Billionaire rales brothers ready for a new act in split of danaher corp. – the washington post electricity worksheets for 4th grade


“The Rales brothers have made a fortune at finding those diamonds in the rough, those high school truants who end up doing very well when you pay a little attention,” said Michael Farr, president of Farr, Miller & Washington LLC, a District investment firm that owns Danaher stock on behalf of its clients.

Mitchell is local. His 25,000-square-foot Glenstone museum, now undergoing an expansion after receiving permission from Montgomery County to get a sewer line installed, houses one of the foremost post-World War II art collections in the world, with works by Calder, Matisse and Rothko. Mitchell has been a regular at the annual Fight Night event, Washington’s politically incorrect spectacle (women in slinky gowns fetching drinks for the mostly male clientele) that raises money for low-income children.

The business side is far less glamorous. Danaher’s arc traces back to their father’s roots in real estate and the brothers’ talents for financial engineering, especially by Steven, who has a law degree from American University and is believed to be the financial maven. Mitchell takes care of the operational sides of the businesses.

“They paid $92 million, all but $2 million borrowed,” the Forbes piece said. “That’s leverage for you: Few ordinary businessmen could sleep nights under such leverage, but, remember, the Raleses are more like real estate speculators than industrialists.”

The same piece included a reference to Scott Fetzer, an Ohio-based mini-conglomerate that the Raleses were intending to purchase until investor Warren Buffett swooped in at the 11th hour, grabbing the company because, the magazine implied, Fetzer trusted Buffett’s source of money more.

Preaching Kaizen, they became experts at going out and finding underperforming businesses and doubling their profit margins. Some investors just held on and rode the returns. The late Joe Robert, a local businessman and philanthropist who brought Fight Night to Washington, told a Post reporter that he had most of his holdings in Danaher stock. Other noted investors, including the Sequoia Fund, have been longtime holders of Danaher.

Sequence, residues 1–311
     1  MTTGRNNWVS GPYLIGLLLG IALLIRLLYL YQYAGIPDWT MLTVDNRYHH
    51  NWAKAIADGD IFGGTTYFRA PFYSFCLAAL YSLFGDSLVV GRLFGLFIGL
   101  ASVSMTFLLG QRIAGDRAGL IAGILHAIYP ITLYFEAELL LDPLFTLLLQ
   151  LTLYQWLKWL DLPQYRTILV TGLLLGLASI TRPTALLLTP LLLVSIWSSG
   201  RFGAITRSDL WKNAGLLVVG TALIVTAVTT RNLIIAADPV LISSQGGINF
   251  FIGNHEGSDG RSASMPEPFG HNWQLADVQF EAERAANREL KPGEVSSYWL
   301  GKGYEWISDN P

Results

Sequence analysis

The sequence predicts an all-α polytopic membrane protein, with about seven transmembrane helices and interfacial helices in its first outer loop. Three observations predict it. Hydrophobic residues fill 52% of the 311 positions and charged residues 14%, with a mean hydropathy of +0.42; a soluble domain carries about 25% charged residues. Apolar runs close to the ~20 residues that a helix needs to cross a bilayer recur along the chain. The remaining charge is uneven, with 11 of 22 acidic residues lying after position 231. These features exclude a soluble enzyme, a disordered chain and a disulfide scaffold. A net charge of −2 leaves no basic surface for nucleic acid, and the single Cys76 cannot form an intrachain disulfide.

“It’s a black box of sorts, like Goldman Sachs,” said Keith Davis, an analyst for Farr. “You don’t know how they are generating the profits and money, but they have been able to do so consistently and for so long that you kind of have to take a leap of faith that they are going to continue.”

True to form, the Danaher split was accompanied by the announcement of yet another acquisition, this one its biggest yet: the $13.6 billion purchase of Pall Inc., a Long Island-based manufacturer of water filtration equipment for businesses and water utilities.

The new Danaher as well as Pall generated $16.5 billion in revenue in 2014, according to Danaher’s release accompanying the announcement. Danaher looks to improve upon that growth rate going forward, with DBS driving $300 million worth of “cost synergies” from the combined company over the next several years, which will go right to the bottom line.

“Danaher will be a more-focused science and technology growth company united by common business models with attractive characteristics,” said Danaher chief executive Tom Joyce in an analyst call earlier this month. “The company will have leading positions in favorable markets, which we believe will help support mid single digit organic growth.”

“We view the breakup as a modest positive, but not game changing,” analyst Steve Tusa with JPMorgan said in a note issued after the split was announced. “It will create more focused enterprises, allowing each to reinvigorate growth via [mergers and acquisitions].”